Olga Roqueta, 77, and her husband say they filled out their absentee ballots without help and put them in their mailbox weeks before the Aug. 14 election.
Alberto Rodríguez, 42, said Anamary Pedrosa, a former employee in Miami-Dade County Commissioner Esteban Bovo’s Hialeah office, passed by his house to pick up his ballot.
Doris Martínez, 83, said she and her husband gave their sealed ballots to their old friend Sergio Robaina.
Roqueta, Rodríguez and Martínez are among the 164 voters whose ballots are the focus of an ongoing voter-fraud investigation that has led to the arrest of Robaina and inquiries about an additional half-dozen possible ballot-brokers, or boleteros.
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The stories of these voters — mostly elderly Hispanics who vote Republican — offer a glimpse into the boletero operations that depend on networks of friends and family, and are an entrenched part of Hialeah politics. In many cases, their stories conflict with the facts offered by authorities.
Pedrosa, who does not face charges, told authorities that Robaina and others gave her the ballots in Bovo’s office. She then dropped them into a blue mailbox outside the post office at 2200 NW 72nd Ave., where a postal employee discovered them July 26.
More than 60 voters whose ballots were part of this batch told reporters they could not explain how they got there.
“I voted, signed and put them in my mailbox,” said Roqueta, one of 14 voters who told a similar story.
Sources close to the investigation say the ballots all appeared to have been deposited together, which was why the postal agent who found them alerted police.
Close to three dozen voters told reporters they mailed their ballots themselves.
Among them: Juana Olano, 80, who remembered dropping hers in a mailbox outside a Sedano’s grocery store. And Felix Bermúdez, 79, who said he took his to the mailbox outside the neighborhood Navarro’s pharmacy.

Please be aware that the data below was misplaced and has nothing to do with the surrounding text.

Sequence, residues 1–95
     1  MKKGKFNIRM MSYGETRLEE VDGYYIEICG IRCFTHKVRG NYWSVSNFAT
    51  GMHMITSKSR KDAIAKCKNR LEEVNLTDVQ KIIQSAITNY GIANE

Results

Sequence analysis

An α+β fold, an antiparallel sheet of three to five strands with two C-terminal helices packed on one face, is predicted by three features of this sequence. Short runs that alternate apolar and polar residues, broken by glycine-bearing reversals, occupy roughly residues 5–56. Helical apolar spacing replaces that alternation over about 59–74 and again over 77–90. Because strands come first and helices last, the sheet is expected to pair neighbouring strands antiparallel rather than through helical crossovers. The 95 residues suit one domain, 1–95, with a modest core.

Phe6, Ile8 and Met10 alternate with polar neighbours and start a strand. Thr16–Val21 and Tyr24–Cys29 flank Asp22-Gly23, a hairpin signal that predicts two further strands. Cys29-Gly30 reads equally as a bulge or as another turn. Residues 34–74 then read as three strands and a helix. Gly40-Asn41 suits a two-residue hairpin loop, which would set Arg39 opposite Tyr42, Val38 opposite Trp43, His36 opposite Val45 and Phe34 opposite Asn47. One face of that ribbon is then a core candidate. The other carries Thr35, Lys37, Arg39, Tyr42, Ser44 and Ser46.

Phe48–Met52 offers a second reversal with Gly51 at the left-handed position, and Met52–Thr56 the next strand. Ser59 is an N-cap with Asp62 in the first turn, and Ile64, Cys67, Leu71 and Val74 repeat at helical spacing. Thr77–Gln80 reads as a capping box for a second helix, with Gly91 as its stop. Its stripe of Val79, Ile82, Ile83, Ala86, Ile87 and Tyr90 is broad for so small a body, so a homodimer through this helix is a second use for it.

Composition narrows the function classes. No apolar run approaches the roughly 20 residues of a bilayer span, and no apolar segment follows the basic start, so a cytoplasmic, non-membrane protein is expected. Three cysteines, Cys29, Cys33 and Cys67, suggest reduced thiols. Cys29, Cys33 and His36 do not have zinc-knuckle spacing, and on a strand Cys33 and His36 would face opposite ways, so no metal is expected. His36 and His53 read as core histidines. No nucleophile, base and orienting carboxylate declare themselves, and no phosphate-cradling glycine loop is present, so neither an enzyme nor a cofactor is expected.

Sixty other voters said they handed their ballots to a friend or acquaintance who saved them the trouble of going to the post office.
The man whose name came up most frequently is Robaina, who faces two felony charges of tampering with the ballots of a woman with dementia and her son. Robaina, 74, denies the allegations.
Pedrosa told authorities that during five visits, Robaina gave her about 40 ballots in Bovo’s office.
Of the 35 voters who told reporters they gave their ballots to Robaina, 14 live in the same public housing complex in Hialeah. An additional half-dozen live on the same city block.
Except for the voters whose allegations make up the criminal case against him, no one has accused Robaina of pressuring them to vote for certain candidates.
“He’s a conscientious and respectful person,” said Martínez, who has known Robaina for years. “He’s never done anything wrong.”
Robaina, known in Hialeah as “el Tío” because of his nephew, former Mayor Julio Robaina, has also worked as an Elections Department poll inspector during the past four years.
Other voters pointed to Claribel “Beba” Ferrer, 71, as the woman who came by to pick up their ballots. At least six ballots in the bundle of 164 are linked to her.
Ferrer told El Nuevo Herald she picked up the ballots. She said she tries to help her friends and relatives who don’t always understand how to fill out their own ballots. But she said she has never pressured anybody to vote for specific candidates or filled out ballots herself.
“I always tell them to open their own ballots,” she said. “I don’t want to touch them.”
Ferrer declined to say whether she was paid to pick up the ballots. But she did say that Pedrosa had contacted her to ask for help with the campaigns of state Reps. Manny Díaz Jr. and Eddy Gonzalez.
Pedrosa’s attorney, J.C. Planas, said he couldn’t comment.
Another person under investigation is Zoa Caridad Barcena, 74. Both hers and her husband’s ballots were found in the bundle of 164.
Voter María Cabezas, 83, said she gave Barcena her ballot and those of two neighbors. She said she’s known Barcena since they lived in Cuba decades ago.
Barcena has declined to comment. Like Robaina, both she and her husband have been poll workers in recent years.
Pedrosa’s own ballot is also in the bundle, as is that of a woman who appears to be her mother. It’s still unclear why Pedrosa agreed to accept the ballots and Bovo has denied knowing anything about them.
Still another voter, Raúl Pérez, offered a confusing story about his ballot and that of his nephew. Pérez, 82, first said he’d once volunteered for Bovo’s campaign. Then he said he gave them “to a female employee in an office.” He couldn’t clarify where he took the ballots.
“And so what if I gave them to somebody, what’s the problem?” he asked.
Ester Gómez, 85, said a man she knows from church dropped by to help her fill out her ballot. She said Roberto Hernández sat next to her and filled in the candidates she wanted.
“I think he works for the government,” she said.
But when a reporter called Hernandez, he denied knowing a thing about Gomez’s ballot.
“Don’t get me mixed up in this ballot mess,” he said. “I didn’t help with anything.”